City to award $1M for road work


By Jon Hawley
Staff Writer

Monday, February 12, 2018

Despite voicing concerns about high prices and quality of work, Elizabeth City officials are looking to award almost $1 million in road work to RPC Contracting.

At a Finance Committee meeting last week, City Council recommended awarding a contract of up to $934,287 to Kitty Hawk-based RPC Contracting for resurfacing work on roads throughout the city.

Council is slated to give final approval to the contract Monday night. Even though the finance panel includes the entire council, it cannot take final action on any items.

Every few years, Elizabeth City uses road funding accumulated from state appropriations for citywide street repairs. The city advertised last year for repairs to a long list of streets, but had trouble getting bids on the work. That meant it couldn't open bids until last month, when RPC bid $1.8 million to repair all the roads. RPC’s was the lower of two bids. Raleigh-based Turner Asphalt bid $3.35 million to complete the work.

With only $950,000 available to spend, City Manager Rich Olson and Public Utilities Director Joe Pearce proposed trimming back on the planned road work at Thursday’s meeting. Their list of streets slated for repairs includes, among others, parts of Corsair Circle, Davis Avenue, Edgewood Drive, Fearing Street, Griffin Street, and Martin Luther King Jr. Drive.

Though recommending the finance panel award RPC the contract, Olson commented, “Unfortunately, we really only have two asphalt companies in this area, RPC and Barnhill.”

He continued, “We've been trying to solicit more asphalt companies because, we have good asphalt companies, but we do think they've been charging us a little bit more than they should.”

He said he based that conclusion on unit prices that companies charge in larger cities like Raleigh and Durham.

Pearce added later that the city had invited asphalt companies statewide to send bids, but the costs of transporting hot asphalt long distances make it too costly for them to do the work. Pearce also noted that Barnhill didn't bid on the work because it is busy with state road projects.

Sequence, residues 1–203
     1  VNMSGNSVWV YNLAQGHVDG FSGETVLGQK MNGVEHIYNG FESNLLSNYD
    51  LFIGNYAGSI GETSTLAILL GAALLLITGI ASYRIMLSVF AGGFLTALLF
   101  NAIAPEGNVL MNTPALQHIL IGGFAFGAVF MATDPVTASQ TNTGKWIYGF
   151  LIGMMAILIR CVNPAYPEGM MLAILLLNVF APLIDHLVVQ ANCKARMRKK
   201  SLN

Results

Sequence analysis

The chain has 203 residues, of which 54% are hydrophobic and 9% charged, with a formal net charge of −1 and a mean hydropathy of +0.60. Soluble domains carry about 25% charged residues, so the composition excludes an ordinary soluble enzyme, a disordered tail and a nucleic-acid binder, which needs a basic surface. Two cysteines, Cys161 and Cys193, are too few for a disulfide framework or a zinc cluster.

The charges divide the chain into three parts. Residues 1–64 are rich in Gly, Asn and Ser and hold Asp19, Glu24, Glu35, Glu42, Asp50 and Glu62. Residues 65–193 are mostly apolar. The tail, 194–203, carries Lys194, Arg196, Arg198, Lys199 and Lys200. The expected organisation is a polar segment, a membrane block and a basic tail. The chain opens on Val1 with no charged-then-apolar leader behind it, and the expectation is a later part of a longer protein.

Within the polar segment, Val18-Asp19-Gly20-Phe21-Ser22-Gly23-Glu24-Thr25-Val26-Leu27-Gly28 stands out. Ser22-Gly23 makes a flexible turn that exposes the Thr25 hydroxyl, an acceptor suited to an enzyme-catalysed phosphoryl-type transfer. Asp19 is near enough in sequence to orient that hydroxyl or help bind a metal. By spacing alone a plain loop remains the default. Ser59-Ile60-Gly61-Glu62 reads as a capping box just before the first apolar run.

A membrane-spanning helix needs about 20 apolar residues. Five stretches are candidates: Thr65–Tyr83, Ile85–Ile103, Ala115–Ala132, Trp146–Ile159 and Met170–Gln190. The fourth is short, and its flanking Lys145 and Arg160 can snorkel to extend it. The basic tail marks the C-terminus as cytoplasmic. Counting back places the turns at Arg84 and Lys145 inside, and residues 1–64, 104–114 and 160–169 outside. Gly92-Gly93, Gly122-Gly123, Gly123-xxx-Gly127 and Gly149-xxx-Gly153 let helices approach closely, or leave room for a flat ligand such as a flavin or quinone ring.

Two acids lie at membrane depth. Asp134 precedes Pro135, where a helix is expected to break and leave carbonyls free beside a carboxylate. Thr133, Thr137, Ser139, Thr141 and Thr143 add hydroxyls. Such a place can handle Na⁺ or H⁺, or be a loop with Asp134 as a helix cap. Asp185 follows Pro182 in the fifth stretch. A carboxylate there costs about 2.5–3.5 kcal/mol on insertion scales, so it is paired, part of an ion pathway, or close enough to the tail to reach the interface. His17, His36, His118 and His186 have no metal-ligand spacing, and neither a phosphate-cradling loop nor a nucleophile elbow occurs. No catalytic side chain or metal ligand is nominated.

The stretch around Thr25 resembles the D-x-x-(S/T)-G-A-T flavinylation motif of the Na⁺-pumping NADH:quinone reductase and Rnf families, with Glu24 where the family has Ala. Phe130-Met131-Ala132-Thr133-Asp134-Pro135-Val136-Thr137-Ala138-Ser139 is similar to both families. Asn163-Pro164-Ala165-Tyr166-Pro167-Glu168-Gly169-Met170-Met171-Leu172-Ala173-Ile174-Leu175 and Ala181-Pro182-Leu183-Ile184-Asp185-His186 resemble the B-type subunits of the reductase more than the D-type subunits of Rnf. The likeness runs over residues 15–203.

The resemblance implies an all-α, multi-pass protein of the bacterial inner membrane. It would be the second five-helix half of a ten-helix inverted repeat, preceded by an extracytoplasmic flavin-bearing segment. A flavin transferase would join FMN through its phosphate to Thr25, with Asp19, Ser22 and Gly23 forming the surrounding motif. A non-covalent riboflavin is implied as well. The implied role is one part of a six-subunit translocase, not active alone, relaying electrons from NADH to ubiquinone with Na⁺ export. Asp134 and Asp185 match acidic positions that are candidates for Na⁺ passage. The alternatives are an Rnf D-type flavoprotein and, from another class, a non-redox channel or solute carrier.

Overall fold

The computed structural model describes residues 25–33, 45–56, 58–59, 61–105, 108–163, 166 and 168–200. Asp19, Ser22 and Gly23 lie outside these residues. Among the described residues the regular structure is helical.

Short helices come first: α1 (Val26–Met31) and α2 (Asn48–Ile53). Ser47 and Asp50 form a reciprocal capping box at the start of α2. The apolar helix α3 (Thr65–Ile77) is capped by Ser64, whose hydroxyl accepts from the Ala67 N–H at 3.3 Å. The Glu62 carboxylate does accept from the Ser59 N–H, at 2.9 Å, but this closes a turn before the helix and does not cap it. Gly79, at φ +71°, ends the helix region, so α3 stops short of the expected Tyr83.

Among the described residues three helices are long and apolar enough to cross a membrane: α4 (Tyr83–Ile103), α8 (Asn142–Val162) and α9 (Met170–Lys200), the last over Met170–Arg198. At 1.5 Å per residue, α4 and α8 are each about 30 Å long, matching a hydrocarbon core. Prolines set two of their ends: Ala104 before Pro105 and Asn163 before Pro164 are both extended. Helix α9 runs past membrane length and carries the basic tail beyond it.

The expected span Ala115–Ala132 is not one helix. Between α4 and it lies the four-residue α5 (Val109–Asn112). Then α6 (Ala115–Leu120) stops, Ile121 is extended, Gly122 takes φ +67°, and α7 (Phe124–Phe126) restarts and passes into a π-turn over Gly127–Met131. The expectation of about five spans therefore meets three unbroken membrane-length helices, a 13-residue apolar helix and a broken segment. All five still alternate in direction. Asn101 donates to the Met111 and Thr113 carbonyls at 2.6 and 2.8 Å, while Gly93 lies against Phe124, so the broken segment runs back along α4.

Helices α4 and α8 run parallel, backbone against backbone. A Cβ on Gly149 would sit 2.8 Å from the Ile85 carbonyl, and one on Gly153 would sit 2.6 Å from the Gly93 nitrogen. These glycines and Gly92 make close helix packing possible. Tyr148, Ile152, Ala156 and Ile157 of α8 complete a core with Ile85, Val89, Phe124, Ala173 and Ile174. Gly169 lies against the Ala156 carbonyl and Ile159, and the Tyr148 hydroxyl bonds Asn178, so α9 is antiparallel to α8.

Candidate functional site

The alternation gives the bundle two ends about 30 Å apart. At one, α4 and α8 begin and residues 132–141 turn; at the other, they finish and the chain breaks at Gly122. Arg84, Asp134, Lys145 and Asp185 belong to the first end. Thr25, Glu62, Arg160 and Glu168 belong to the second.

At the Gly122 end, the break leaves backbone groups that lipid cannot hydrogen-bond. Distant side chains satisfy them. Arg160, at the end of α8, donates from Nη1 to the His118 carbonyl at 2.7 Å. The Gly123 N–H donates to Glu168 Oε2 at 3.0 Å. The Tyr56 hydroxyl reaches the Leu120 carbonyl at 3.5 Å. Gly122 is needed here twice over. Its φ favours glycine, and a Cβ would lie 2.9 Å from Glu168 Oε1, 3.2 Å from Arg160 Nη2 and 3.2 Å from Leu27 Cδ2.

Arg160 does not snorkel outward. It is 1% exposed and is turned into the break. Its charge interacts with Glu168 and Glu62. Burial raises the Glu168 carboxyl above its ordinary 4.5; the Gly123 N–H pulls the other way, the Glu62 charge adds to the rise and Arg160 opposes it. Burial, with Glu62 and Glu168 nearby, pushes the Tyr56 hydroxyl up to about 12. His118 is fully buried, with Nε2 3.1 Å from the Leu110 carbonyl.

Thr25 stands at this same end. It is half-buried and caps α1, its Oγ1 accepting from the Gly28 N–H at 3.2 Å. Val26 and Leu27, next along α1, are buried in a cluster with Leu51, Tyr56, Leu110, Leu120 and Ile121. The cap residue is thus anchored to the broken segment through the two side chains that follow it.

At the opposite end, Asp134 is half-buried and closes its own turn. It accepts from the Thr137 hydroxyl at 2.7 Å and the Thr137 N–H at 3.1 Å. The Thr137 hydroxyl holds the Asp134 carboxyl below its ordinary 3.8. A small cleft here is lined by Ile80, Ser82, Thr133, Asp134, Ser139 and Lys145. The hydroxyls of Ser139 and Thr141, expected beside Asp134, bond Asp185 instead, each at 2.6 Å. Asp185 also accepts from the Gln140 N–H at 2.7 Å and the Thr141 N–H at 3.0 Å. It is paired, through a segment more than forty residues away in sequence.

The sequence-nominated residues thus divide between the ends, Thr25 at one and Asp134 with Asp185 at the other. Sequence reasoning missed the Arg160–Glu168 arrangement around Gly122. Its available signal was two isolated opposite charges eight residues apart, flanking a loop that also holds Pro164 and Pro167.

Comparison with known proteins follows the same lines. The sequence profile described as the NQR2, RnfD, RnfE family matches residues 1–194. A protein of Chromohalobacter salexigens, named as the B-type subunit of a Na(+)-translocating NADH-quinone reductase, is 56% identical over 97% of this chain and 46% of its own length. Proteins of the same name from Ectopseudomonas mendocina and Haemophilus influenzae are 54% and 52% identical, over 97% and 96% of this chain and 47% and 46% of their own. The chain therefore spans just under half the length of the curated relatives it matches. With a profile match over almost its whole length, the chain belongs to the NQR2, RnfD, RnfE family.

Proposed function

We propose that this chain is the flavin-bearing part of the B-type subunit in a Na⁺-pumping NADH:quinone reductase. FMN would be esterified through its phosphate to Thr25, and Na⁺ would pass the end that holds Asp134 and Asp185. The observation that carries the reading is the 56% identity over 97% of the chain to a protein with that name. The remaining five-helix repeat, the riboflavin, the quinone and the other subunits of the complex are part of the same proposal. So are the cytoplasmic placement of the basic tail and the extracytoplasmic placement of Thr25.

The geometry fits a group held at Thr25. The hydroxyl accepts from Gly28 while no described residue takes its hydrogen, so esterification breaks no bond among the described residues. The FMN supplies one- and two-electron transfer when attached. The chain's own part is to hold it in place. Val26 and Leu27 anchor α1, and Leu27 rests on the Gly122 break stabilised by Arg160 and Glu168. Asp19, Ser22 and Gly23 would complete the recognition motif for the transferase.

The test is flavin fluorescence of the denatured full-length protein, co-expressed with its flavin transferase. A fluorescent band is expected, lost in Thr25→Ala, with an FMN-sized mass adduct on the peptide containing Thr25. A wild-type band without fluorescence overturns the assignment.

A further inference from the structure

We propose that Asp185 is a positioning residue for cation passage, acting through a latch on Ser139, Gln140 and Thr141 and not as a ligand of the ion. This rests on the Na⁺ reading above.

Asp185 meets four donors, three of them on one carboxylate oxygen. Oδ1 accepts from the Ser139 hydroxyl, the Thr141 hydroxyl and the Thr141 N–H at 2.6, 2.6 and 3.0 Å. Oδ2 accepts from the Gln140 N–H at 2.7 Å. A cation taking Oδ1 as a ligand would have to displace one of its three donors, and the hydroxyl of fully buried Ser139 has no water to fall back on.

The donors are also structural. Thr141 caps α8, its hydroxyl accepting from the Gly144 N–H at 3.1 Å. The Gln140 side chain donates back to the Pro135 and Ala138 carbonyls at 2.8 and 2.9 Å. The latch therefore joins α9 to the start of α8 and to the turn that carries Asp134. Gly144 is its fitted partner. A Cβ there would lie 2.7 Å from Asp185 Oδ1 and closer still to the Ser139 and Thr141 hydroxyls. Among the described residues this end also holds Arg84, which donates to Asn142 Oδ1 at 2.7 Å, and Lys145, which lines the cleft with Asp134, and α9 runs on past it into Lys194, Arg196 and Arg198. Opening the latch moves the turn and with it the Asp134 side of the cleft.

Councilor Jeannie Young asked about how “accountable” RPC is, and whether it's fixed its road work when the city's not satisfied with it. The city should get better service if it's paying more, she suggested.

Pearce said the city could withhold 5 percent of the contract award to try to compel contractors to fix unacceptable work. Five percent may not sound like much, but withholding it could mean RPC doesn't make a profit on the work, he said.

Councilor Rickey King, council’s mayor pro tem, said his intention wasn’t to “bash” RPC, but he said it had resurfaced Brooks Avenue several years ago and the road is still “terrible.”

Acknowledging Brooks Avenue is uneven and “a little bit like a roller coaster,” Olson said that the city replaced utility lines under the road before RPC resurfaced it, and those lines need to continue settling.

Pearce said the roads the city selected for resurfacing have stable underground utility lines, meaning they shouldn't turn out like Brooks Avenue.

Olson also recommended the city hire GET Solutions to oversee the project; engineering firms are commonly hired to supervise large construction projects. Council will also consider awarding GET Solutions a contract Monday for $15,713.

Pearce said city staff will also routinely check on the project, and that the work should start in March and be finished before July 1.

Notably, the city's road project will not include West Main Street, which Councilor Anita Hummer said is in such bad shape it's damaging people's vehicles.

Olson and Pearce agreed the road needs attention, but said the city needs to complete some $1 million in sewer work before the road is resurfaced. The city can't afford that work yet, Olson said.